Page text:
First, an introduction to the two platforms. Evernote is an app that lets you store content, take down notes, write lists, and organize all of them. While these are stored in Notebooks, the whole concept behind this productivity app is more like a Universal Inbox where you can save everything you’ve collected so you can quickly find it when you need them through the use of tags.

          Microsoft’s OneNote, on the other hand, works very much like a digital version of the notebooks you used to carry around in school. Aside from storing all your notes and different types of content you’ve collected, you can also organize them into sections, pages, and containers.

          Each of these apps offers their users a host of features to help them improve their productivity and memory. Also, because no app is perfect, each also has their strengths and limitations.

          To get a better idea of which app will be your best choice, we’ll be comparing the two based on three key features most used by their users: collecting information, note-taking, and mobility.

          Collecting information

          Both the OneNote and Evernote come with their own web clipper extension that allows you to quickly collect and store information from different websites as you find them.

          Both give you the option to choose whether you’d like to save the entire web page as is, a simplified version without the ads, or just a section of the page. You can also add some notes before saving them to make it easier for you to remember why you “clipped” that particular resource.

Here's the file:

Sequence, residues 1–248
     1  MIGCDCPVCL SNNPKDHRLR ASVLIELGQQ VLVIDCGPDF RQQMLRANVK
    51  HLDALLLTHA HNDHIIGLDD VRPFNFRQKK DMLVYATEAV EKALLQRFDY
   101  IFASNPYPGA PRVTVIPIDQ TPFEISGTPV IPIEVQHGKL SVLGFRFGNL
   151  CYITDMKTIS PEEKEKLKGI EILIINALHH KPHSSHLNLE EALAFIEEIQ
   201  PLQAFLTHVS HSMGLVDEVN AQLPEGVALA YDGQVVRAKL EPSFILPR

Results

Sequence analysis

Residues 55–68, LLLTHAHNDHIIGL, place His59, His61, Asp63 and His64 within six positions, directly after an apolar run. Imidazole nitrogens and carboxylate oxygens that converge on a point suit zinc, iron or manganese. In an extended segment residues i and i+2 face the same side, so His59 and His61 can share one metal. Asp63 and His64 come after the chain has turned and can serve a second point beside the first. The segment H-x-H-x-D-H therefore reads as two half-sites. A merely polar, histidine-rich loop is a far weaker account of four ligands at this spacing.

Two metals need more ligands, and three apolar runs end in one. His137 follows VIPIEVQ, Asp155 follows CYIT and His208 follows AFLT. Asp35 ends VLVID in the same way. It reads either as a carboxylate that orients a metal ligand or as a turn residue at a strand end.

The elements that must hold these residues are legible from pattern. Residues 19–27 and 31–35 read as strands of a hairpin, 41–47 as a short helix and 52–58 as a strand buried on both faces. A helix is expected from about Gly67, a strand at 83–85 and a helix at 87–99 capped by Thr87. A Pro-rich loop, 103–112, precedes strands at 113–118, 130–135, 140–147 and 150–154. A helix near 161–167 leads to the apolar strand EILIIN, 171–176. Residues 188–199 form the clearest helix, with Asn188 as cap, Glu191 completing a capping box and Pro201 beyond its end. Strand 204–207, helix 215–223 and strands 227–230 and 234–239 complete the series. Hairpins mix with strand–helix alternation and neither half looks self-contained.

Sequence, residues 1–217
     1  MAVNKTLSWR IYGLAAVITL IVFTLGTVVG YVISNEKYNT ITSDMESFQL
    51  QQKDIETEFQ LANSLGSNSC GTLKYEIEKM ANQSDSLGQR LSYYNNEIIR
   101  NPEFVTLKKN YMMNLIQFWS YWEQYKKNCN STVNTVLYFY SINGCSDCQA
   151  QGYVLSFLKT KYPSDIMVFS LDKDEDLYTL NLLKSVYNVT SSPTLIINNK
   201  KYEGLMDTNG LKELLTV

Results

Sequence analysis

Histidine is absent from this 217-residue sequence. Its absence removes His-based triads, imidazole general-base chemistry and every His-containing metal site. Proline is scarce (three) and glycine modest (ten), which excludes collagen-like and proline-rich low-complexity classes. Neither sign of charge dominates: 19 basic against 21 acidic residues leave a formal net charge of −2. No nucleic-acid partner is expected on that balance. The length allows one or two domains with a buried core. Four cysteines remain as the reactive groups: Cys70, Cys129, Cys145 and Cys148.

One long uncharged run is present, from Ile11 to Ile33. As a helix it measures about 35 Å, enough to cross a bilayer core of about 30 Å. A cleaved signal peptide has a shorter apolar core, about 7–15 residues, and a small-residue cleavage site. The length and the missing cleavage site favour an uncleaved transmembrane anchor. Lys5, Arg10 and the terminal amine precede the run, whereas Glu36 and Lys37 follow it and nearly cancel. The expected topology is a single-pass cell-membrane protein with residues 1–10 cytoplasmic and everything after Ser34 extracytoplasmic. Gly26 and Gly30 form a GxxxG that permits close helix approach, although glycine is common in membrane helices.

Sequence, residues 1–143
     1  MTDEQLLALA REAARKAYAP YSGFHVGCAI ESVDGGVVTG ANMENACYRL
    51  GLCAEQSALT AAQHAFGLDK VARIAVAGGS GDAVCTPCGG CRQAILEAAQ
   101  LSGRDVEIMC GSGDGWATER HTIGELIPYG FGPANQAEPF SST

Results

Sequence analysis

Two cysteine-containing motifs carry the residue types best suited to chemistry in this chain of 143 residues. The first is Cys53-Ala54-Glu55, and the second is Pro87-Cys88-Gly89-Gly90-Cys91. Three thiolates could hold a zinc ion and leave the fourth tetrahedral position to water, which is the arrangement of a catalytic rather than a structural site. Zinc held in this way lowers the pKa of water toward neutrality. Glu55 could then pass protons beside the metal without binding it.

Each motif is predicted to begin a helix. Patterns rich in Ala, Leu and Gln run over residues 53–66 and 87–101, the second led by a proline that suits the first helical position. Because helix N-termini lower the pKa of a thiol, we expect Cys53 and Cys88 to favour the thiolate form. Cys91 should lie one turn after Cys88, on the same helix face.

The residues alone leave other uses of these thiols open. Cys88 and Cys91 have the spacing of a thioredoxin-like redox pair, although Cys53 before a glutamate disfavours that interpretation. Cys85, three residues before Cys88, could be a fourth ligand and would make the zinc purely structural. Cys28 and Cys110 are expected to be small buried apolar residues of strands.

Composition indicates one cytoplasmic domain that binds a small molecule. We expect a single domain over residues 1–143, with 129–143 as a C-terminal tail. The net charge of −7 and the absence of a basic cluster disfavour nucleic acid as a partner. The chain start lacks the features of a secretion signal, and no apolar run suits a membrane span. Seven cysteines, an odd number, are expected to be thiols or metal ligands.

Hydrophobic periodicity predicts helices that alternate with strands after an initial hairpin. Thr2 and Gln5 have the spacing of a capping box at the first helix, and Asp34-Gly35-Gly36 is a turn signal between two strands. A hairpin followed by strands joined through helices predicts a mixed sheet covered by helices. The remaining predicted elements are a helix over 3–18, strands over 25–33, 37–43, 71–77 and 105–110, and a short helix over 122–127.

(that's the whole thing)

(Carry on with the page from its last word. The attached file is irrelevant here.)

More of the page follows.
Since OneNote gives you more structure to organize your content, its web clipper allows you to choose not just which notebook to save the details, but also what section within the notebook.

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            Source: OneNote.com

            Evernote gives you the option to add tags to your web clippings before you save it, so it’s easier for you to search for it later.

            Premium users get access to Evernote’s Related Results feature located in its Options section. When you search on Google, Evernote will launch a secondary search that will show all the notes related to the keyword you used in searching for information.

              Source: Zapier.com

              This feature, according to Jeremy Skillings, President of Youcanbefound.com, is beneficial because it lets you know what information you already have stored in your notes.

              “In some cases whenever I do my research, I find out through this feature that I already have the exact information I need stored in my Evernote account. That alone cuts back a significant amount of the time I spend on projects.”

              Note-taking

              Both of these productivity apps allow you to create and format your notes to create rich documents. Among these features include changing the font size and color, adding tables, and inserting media files.

              Evernote’s note-taking features are very similar to a Word document in that it’s very structured concerning how you input your notes.